Harvard University neuroscientist and epidemiologist Marc Weisskopf is interested in the idea that early childhood can determine one’s health trajectory for life.
As part of a multimillion-dollar federal grant to study exposure to metals, his team at Harvard will revive the Baby Tooth Survey in St. Louis, a famous study in the 1950s and ’60s that involved measuring radioactive fallout in about 320,000 donated teeth.
The leftover baby teeth from the Washington University-led research were discovered in 2001 in an old ammunition bunker at the university’s Tyson Research Center.
The teeth were donated to a small nonprofit, the Radiation and Public Health Project, whose director and sole employee Joe Mangano lives near Ocean City, New Jersey. The teeth are in a storage locker near his home.
But Mangano has maintained his excitement about possible discoveries to be made studying the teeth. A mutual friend introduced Mangano to Weisskopf, director of the Harvard Chan-NIEHS Center for Environmental Health, correctly guessing he would share in Mangano’s excitement.
“Teeth give this opportunity to get a picture of what is going on in early life,” Weisskopf said, “and the idea that some 60,000 people whose baby teeth are sitting in a closet somewhere is very intriguing to me.”
Part of the research will involve finding 1,000 adults in their 60s and 70s who participated in the Baby Tooth Survey and looking for associations between metal concentrations in their baby teeth and current cognitive health.
Most of the tooth survey participants are from the St. Louis area, and Missouri is home to about 33 Superfund sites — toxic waste dumps requiring federal long-term cleanup. Harvard’s study will require sending new toenail and blood samples.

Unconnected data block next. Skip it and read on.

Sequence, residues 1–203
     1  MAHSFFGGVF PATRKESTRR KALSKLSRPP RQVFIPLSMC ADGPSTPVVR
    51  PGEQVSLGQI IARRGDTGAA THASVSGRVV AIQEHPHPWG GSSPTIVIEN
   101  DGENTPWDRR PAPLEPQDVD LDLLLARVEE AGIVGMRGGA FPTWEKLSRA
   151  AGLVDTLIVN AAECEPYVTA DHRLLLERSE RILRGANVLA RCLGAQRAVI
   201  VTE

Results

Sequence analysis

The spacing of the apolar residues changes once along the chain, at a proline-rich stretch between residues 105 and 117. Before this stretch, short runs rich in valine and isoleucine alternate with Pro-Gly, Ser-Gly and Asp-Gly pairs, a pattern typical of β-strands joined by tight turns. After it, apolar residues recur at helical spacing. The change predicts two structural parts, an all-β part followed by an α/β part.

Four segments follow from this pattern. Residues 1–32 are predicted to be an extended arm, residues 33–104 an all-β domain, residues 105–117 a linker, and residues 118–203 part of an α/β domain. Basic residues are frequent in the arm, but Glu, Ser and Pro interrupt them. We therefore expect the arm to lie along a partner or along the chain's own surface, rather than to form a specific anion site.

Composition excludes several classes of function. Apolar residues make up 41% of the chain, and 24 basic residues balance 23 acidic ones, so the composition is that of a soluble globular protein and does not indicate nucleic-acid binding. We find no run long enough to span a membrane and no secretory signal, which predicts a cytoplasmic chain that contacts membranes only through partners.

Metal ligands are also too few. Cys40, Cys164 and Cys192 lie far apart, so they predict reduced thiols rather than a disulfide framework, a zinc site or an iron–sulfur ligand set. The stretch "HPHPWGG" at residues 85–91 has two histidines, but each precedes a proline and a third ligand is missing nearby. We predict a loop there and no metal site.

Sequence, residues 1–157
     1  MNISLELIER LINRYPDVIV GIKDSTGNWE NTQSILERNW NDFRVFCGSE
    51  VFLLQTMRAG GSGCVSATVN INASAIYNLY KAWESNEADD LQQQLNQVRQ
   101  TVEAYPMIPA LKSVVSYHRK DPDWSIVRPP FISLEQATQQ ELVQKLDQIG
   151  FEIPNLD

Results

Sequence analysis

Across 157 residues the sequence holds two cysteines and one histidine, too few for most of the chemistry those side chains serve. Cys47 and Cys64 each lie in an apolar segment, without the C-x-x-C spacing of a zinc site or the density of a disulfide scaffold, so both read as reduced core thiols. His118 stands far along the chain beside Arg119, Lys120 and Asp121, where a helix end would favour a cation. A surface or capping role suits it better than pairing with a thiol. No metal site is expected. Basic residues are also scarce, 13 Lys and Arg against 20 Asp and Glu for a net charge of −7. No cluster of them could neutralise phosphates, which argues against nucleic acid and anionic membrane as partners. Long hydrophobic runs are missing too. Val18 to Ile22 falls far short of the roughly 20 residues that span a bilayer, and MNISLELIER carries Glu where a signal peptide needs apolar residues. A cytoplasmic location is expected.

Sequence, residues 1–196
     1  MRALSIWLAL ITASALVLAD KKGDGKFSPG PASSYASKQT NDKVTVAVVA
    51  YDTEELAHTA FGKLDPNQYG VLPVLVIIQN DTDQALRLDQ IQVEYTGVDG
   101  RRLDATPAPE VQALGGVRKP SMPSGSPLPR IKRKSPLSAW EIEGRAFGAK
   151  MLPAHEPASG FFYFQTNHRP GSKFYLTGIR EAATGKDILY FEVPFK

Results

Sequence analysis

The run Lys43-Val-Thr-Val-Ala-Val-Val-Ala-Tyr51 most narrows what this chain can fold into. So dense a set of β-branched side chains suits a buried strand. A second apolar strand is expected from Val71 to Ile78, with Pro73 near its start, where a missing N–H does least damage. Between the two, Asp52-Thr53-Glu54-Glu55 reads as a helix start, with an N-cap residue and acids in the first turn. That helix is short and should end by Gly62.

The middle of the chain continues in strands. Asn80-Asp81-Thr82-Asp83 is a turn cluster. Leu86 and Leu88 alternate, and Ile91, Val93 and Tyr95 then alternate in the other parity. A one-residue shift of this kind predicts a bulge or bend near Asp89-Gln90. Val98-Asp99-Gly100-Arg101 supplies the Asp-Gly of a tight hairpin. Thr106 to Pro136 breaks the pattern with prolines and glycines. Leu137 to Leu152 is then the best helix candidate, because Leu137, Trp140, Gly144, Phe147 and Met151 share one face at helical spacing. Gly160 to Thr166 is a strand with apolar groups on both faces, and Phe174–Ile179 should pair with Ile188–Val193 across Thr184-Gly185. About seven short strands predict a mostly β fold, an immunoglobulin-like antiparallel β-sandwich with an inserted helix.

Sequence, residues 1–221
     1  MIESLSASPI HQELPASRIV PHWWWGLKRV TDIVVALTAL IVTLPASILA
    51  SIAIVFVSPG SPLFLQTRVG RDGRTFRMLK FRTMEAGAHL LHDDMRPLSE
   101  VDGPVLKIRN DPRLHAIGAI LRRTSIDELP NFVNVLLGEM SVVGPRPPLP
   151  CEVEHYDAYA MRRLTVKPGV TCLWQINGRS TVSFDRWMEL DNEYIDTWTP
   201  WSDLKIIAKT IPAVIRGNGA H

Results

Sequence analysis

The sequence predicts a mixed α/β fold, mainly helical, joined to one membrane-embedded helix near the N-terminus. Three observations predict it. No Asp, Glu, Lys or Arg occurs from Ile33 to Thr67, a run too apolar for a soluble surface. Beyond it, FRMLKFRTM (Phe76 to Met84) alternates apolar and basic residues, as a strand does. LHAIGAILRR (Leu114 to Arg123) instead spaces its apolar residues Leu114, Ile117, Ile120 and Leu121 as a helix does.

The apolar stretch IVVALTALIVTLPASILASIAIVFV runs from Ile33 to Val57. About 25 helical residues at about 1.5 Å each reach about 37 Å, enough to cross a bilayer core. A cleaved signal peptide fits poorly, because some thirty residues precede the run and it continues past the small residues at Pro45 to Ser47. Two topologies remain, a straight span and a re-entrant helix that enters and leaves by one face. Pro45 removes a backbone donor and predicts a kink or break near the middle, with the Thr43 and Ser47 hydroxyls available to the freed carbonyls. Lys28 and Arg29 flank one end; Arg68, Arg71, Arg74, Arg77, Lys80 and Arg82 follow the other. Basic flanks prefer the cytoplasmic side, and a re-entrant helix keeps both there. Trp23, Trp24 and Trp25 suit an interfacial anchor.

The idea for collecting the baby teeth was hatched in the mid-1950s during the build-up of the Cold War between the U.S. and Soviet Union, which together tested hundreds of nuclear weapons.
About 100 took place at a Nevada testing site, where a few ended up dropping much of their fallout over the Midwest, including one of the largest — the Tumbler-Snapper George test on June 1, 1952, when a 2,700-pound nuclear bomb detonated atop a 300-foot tower.
High-altitude wind took the radioactive cloud in different directions across the country. Much of the radioactive material fell over Iowa, Missouri and Illinois in a rainstorm, author Richard Miller recounted for a Post-Dispatch story in 2002. Miller wrote “The U.S. Atlas of Nuclear Fallout, 1951-62.”
A group of prominent St. Louis scientists and physicians was concerned about the effects of radioactive fallout from the tests. They formed the Citizens Committee for Nuclear Information, and with help from Washington University, created the Baby Tooth Survey.
The survey was considered a great citizen-scientist collaboration, set out to determine whether children’s bodies were absorbing radioactive fallout from atmospheric nuclear weapons testing.
It entailed volunteers visiting schools, churches and PTA meetings, churches, libraries and dental clinics distributing registration forms. Between 1958 and 1970, parents sent in thousands of teeth along with their information cards.
The study found that children born at the height of the Cold War in 1963 had 50 times as much strontium 90, a radioactive isotope found in bomb fallout, in their teeth as children born in 1950 before most of the atomic bomb tests.
Strontium 90 had ended up in pastures, in grass consumed by goats and cows. It worked its way into children’s milk and showed up in children’s bones and teeth.
If you want to know if your baby teeth are included in the collection of the Radiation and Public Health Project, you can contact Joseph Mangano at email@example.com.